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Penile Ultrasound Integral to Diagnosing Erectile Dysfunction Cause


Ultrasound images distinguish vascular causes linked to three conditions.

Ultrasound of the penis can play a vital role in determining the underlying cause of erectile dysfunction in men who don’t respond to medication.

Although prescription drugs have significantly – and successfully – changed how providers treat erectile dysfunction (ED), for those men who don’t see improvement, relying on ultrasound can be the key to identifying next steps and possible treatments, according to an article published in the American Journal of Roentgenology.

“Radiologists must be familiar with the imaging protocol, the limitations of the technique, and the interpretations of its findings, to warrant an accurate diagnosis and appropriate patient management,” said lead study author Cristian Gómez Varela, from the radiology department in Complejo Hospitalario Universitario de Pontevedra in Spain. “It is essential to differentiating between the vascular and nonvascular causes of the ED and, therefore, determining appropriate management of the patient.”

The Conditions

When used correctly – with a high-frequency linear array (7.5-12 MHz) and full-length images of the penis in both flaccid and erect states – ultrasound can contribute to successfully diagnosing three vascular-related causes of ED, Varela said.

Peyronie’s Disease (PD): This penile deformity caused by scar tissue that develops after repeated injury results in painful erections. In most cases, MRI is the preferred modality to assess PD. But, gray-scale ultrasound can be very helpful in diagnosis and follow-up, assessing size and location of plaques, detecting small non-palpable lesions or the involvement of the penile septum, or evaluating disease progression. In addition, sonoelastography can estimate tissue stiffness, as well as identify plaques that go undetected on gray-scale ultrasound.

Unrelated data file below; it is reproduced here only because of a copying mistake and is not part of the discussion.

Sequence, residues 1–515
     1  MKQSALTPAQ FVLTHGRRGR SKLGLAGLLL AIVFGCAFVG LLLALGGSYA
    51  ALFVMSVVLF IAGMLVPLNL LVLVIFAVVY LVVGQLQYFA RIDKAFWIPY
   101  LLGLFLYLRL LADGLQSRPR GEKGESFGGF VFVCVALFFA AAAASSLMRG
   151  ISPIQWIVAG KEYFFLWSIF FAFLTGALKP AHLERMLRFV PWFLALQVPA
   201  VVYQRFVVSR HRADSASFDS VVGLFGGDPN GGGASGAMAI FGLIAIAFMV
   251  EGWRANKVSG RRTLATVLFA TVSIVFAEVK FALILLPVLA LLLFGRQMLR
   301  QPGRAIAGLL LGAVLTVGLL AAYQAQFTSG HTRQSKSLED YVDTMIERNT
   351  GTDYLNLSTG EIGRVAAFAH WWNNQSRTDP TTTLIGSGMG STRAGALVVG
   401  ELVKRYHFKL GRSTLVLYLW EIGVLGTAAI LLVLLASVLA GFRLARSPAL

Penile Fracture: Caused by trauma to the penis, usually during sexual intercourse, fracture can cause a rupture in the membrane responsible for trapping blood in the penis to sustain an erection. Ultrasound can make pinpointing any ruptures easier, as fractures are seen as dark breaches in the membrane.

Priapism: This condition can occur in two forms – both high-flow and low-flow. Low-flow priapism is considered a medical emergency as it can cause tissue death and, if left untreated, permanent ED. Ultrasound can identify tissue thickening and scarring in the arteries of the penis, and Doppler ultrasound can also pinpoint inadequate blood retention.

Given its effectiveness is identifying these vascular-related conditions behind ED, according to Varela and colleagues, ultrasound is the preferred method for initially evaluating the penile anatomy and blood flow. Not only is it readily available, but it is minimally invasive and can be well tolerated by patients.

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